Week in Review
- Australian retail sales data beat analyst expectations, rising 0.9% for the month of May versus the consensus estimate of 0.4%. The rise was the fifth consecutive monthly rise in retail turnover, suggesting households have coped well after the first two interest rate hikes.
- The US economy contracted an annualised 1.6% QoQ in Q1 2022, the first contraction since the 2020 pandemic-induced recession.
- Australian Pacific Mortgage Fund raised AUD5.4m via a nine-month secured property transaction. The bond pays a quarterly fixed coupon of 7% and matures in March 2023.
Chart of the Week: RBA is raising interest rates at a slower pace than counterparts
Central banks in the US, UK, Canada, and NZ have all moved much faster to curb inflation, while also alarming investors who fear that aggressive hikes may trigger a recession.
Credit Opinion: Seek (SEKAU) Hybrids
We believe there is value in the Seek hybrids, which are leveraged to favourable employment markets set to provide a tailwind over 2022 and 2023. This should support job ad volumes and yield – which alongside the theme of the ‘Great Resignation’ playing out in many job sectors, will support revenue and EBITDA growth. The company has high cash flow generation which provides the ability to reinvest into the business, as well as pay an appropriate return to debt and equity holders.
Seek has been able to diversify its business away from Australian & NZ (ANZ) successfully over the last five years. Its investments in China, South-east Asia, Brazil, and Mexico have contributed a significant amount of group sales and EBITDA (to date). The geographical diversification not only lessens Seek’s dependence on the Australian economy, but also creates further growth potential.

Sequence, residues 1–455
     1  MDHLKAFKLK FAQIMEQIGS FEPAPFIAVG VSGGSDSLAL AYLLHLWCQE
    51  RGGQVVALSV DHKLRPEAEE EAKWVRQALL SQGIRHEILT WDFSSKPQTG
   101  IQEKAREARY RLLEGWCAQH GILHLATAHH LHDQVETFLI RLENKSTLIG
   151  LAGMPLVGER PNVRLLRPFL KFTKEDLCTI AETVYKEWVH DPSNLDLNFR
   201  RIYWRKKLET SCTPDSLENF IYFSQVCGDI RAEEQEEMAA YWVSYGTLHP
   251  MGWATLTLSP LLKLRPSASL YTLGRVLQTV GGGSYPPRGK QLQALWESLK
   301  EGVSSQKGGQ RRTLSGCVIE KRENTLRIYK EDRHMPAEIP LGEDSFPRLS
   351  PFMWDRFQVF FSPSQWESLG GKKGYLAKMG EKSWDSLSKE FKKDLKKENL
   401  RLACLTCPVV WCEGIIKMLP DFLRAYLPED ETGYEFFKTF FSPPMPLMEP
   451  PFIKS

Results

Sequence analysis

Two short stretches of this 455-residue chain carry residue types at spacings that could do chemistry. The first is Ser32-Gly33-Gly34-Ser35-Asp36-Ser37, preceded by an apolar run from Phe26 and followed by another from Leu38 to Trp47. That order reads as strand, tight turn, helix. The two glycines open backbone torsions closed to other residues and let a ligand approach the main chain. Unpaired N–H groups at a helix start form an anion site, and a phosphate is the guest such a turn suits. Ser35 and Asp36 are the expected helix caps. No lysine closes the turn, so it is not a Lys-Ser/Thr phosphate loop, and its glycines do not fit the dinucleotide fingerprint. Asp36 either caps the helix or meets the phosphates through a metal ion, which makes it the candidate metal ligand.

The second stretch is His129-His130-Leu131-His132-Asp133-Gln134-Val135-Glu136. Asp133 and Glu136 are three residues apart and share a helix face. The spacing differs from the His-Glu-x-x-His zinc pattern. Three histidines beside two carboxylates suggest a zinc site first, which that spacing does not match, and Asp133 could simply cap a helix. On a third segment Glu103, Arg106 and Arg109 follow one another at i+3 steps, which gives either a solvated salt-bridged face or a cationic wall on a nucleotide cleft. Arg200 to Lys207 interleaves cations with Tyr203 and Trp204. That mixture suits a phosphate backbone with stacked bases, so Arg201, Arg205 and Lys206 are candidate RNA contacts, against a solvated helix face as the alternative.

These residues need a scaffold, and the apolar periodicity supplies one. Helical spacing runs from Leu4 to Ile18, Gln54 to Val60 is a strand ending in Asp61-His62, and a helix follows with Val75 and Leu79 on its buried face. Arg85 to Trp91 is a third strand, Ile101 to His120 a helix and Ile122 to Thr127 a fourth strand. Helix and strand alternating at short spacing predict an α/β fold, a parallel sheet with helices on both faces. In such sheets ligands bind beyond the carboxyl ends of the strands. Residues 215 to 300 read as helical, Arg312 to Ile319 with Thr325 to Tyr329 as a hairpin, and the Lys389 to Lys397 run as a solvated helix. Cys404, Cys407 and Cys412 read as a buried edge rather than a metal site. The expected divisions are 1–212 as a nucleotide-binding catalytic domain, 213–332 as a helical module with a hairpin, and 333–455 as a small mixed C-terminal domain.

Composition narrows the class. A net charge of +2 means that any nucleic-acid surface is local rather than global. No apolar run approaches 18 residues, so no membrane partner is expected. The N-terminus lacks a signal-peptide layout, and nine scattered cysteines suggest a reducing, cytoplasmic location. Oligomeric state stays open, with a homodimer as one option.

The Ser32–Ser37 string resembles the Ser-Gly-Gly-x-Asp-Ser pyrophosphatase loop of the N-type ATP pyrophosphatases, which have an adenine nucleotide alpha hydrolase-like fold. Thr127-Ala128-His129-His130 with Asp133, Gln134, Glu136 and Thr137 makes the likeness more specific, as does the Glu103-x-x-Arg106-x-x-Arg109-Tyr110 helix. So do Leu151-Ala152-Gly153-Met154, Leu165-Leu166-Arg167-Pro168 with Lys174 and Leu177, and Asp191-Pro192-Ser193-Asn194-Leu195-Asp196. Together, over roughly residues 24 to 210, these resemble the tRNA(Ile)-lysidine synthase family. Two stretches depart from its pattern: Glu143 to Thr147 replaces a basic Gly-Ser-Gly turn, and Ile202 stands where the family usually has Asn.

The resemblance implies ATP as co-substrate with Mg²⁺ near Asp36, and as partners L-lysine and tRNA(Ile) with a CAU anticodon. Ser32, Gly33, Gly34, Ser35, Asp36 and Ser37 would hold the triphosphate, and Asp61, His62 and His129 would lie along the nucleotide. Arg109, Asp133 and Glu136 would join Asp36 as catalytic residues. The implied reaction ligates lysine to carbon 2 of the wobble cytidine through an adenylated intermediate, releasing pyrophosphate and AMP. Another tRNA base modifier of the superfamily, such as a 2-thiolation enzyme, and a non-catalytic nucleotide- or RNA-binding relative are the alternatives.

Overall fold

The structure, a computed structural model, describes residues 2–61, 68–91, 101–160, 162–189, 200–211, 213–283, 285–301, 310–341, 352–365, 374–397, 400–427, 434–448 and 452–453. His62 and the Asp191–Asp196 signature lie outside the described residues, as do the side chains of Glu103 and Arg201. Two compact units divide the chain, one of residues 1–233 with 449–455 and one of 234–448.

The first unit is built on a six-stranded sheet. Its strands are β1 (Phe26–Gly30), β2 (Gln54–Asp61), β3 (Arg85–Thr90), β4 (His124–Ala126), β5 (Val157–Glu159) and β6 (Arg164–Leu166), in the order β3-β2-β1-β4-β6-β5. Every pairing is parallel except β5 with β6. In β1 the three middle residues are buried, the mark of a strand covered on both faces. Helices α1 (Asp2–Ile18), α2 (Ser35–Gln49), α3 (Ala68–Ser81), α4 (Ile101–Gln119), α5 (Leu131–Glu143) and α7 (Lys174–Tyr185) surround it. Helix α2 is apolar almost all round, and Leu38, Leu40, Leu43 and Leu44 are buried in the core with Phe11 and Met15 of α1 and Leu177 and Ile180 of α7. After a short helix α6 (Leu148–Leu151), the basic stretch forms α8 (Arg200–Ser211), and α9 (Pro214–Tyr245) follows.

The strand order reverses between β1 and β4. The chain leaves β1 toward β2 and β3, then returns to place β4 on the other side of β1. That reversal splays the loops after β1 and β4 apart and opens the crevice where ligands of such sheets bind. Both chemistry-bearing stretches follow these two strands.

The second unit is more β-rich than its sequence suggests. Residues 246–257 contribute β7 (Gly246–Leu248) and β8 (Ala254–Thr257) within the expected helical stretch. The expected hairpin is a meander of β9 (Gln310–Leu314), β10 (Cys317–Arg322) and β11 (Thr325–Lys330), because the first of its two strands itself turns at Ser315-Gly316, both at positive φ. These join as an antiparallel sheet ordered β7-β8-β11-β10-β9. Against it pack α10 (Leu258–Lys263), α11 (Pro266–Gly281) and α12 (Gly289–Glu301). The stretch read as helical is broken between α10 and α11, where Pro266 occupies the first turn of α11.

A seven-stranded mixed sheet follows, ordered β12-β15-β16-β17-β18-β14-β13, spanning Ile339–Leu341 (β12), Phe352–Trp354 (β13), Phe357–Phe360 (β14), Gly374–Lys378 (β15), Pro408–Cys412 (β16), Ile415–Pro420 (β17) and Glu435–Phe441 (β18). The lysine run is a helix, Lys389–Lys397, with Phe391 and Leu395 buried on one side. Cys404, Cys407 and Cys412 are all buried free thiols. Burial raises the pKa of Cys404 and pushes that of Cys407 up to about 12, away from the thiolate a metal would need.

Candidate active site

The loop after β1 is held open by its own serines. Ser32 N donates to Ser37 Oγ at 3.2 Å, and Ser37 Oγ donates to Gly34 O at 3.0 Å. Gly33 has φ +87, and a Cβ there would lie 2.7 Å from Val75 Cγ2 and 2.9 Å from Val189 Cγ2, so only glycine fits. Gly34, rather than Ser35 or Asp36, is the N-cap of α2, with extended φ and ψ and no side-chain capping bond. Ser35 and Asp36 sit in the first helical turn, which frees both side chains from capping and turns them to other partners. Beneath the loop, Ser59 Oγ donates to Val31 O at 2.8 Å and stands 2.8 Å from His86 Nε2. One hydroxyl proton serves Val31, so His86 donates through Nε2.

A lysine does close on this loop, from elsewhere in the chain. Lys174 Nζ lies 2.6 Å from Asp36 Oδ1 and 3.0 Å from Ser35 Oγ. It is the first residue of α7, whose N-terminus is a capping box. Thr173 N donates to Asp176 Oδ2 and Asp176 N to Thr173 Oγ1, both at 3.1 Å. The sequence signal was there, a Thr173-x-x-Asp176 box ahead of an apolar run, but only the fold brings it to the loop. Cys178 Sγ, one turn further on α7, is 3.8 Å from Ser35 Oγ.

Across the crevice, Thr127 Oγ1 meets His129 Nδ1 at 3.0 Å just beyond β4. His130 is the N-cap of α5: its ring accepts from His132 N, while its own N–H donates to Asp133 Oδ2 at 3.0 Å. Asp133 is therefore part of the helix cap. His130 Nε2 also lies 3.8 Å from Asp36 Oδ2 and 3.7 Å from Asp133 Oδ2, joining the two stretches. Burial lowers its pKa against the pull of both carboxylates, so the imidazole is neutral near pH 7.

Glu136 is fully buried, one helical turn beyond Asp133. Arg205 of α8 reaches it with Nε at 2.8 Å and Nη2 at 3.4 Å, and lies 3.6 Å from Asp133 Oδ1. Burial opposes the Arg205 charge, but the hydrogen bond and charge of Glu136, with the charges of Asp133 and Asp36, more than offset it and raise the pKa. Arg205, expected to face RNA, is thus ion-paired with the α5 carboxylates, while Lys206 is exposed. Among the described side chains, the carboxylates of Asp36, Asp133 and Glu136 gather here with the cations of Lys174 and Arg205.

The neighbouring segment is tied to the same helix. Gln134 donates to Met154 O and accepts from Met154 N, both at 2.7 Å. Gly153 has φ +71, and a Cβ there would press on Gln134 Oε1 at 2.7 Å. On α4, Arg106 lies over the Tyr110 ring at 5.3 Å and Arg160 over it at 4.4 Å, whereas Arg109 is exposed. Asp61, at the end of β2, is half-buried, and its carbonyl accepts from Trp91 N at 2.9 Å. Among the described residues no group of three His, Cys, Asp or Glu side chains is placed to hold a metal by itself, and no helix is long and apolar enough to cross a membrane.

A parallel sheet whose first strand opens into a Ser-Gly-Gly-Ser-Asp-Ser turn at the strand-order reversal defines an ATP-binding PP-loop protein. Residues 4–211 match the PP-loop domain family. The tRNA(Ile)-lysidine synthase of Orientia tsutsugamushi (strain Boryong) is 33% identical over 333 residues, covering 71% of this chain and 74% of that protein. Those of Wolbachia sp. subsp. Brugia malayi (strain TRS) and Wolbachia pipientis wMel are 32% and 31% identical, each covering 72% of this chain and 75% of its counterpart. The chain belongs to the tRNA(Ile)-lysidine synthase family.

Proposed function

Trade Idea: European Bank USD AT1 Securities
The recent sell-off/volatility has provided us with an opportunity to source some European bank USD AT1 securities at very attractive levels. These AT1 securities are loss absorbing with write down (temporary) and/or equity conversion and include interest deferral (non-cumulative). The securities are structured as perpetual instruments with a first call after five (or ten) years which can then be called on various dates. AT1 securities which have a write down (temporary) feature can be written back, reducing any loss incurred to an investor.
The first important consideration is to be comfortable with the underlying credit risk. IAM has reviewed the following banks and has no credit issues at a headline level. The second important consideration is to assess call risk and ability for securities to be written down (temporarily) and/or converted to equity as well as payment of interest under certain regulatory conditions (this is called the Maximum Distributable Amount (MDA) cushion). Bank CET1 ratios falling into the MDA buffer zone raises red flags with investors.
The table below outlines our most frequently traded issues over the past week.
|Issuer||Coupon||Rating (S&P, Fitch, Moody’s)||Call Date||Yield|
|Au Pacific Mortgage Fund||7.000%||NR||19-Jul-22||7.000%|
|Heartland Au Grp Pty Ltd||BBSW3M+2.000%||BBB-||09-Jul-24||6.465%|
|Westpac Banking Corp NZ||5.000%||BBB||21-Sep-27||7.560%|
|QBE Insurance Group||5.250%||BBB-||16-May-25||7.000%|
|QBE Insurance Group||BBSW3M+2.750%||BBB||25-Aug-26||6.570%|
|Macquarie Bank London||6.125%||BB+||08-Mar-27||8.143%|
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